Monumental Art

Sculptor Vinnie Bagwell (far right) has welcomed several groups of Sarah Lawrence students, faculty, and staff into her studio.

Philipse Manor Hall, whose construction commenced in 1682, is the oldest standing building in Westchester County. But its age is not its only historical significance: Sixty-six years before the Emancipation Proclamation, New York Governor John Jay, who had previously served as the nation’s first chief justice, signed legislation that eventually freed all slaves in New York State, including six who resided at Philipse Manor Hall.

When Yonkers-born sculptor and writer Vinnie Bagwell learned this chapter of local history, she felt compelled to pay tribute to the enslaved Africans. An untutored artist, Bagwell set out to create the Enslaved Africans’ Rain Garden, an urban-heritage sculpture garden. Life-size bronze sculptures representing the freed slaves from Philipse Manor Hall will stand along the Yonkers waterfront.

Bagwell approached Sarah Lawrence to become a community partner in the initiative. As a result, she unveiled the first full-size sculpture, I’Satta, at the Esther Raushenbush Library. The College also hosted an artist talk by Bagwell drawing a link between the history of slavery and its relevance to current movements, such as Black Lives Matter.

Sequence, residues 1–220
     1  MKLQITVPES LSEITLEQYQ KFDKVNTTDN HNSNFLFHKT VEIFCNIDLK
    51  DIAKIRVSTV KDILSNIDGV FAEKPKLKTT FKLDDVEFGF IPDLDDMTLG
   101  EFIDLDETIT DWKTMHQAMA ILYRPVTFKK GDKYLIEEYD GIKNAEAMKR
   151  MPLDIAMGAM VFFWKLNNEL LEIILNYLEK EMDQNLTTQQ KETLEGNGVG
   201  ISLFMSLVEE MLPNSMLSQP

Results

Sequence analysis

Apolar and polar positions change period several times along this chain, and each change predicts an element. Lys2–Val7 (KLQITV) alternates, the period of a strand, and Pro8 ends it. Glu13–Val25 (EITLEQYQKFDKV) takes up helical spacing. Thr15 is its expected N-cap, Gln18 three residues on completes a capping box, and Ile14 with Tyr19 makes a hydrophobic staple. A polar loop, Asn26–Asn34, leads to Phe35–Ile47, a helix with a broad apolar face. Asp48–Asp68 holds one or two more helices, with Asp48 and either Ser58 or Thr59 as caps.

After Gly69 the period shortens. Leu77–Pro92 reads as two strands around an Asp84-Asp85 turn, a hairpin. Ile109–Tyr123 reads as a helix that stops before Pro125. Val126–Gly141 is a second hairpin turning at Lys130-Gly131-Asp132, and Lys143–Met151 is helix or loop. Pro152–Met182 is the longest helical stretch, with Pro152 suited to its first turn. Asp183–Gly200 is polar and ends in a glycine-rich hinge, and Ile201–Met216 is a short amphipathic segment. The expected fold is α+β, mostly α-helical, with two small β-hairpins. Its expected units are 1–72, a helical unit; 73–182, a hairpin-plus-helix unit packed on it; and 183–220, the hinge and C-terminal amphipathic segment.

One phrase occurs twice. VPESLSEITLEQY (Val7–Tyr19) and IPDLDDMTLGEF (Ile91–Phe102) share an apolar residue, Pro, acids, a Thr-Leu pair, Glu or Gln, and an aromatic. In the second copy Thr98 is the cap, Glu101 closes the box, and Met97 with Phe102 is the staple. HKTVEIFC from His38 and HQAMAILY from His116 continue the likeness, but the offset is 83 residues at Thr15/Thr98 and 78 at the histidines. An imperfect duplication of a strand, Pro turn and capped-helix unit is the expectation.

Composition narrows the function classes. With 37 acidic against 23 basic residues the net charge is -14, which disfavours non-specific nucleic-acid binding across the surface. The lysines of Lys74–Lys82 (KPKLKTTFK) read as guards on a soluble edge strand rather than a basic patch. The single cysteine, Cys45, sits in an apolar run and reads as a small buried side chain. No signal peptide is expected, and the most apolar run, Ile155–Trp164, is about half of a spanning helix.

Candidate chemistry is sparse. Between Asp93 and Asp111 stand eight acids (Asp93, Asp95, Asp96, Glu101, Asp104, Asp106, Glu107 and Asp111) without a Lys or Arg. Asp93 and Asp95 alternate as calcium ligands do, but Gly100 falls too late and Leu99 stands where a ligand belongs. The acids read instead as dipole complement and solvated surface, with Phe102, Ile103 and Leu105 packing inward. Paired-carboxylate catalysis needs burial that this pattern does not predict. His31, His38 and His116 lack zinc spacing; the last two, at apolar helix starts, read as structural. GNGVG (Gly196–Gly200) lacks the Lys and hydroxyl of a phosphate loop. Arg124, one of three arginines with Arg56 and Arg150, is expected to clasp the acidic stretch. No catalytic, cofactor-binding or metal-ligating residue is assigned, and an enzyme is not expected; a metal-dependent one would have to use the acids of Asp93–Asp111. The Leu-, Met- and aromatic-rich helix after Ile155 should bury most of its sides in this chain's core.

Natalie Gross, director of diversity and campus engagement, calls the Sarah Lawrence partnership with Bagwell “a meaningful way to continue building the Yonkers community connection and also to bring a conversation to campus we don’t often have—what and how vestiges of slavery are still manifested in the United States.”

Bagwell sees the project as part of her larger mission as an artist. “I like to create things that are beautiful, but also meaningful,” she says. “As an African American, I feel it’s my purpose and responsibility to preserve our culture and history, so others can see the beauty of black people.”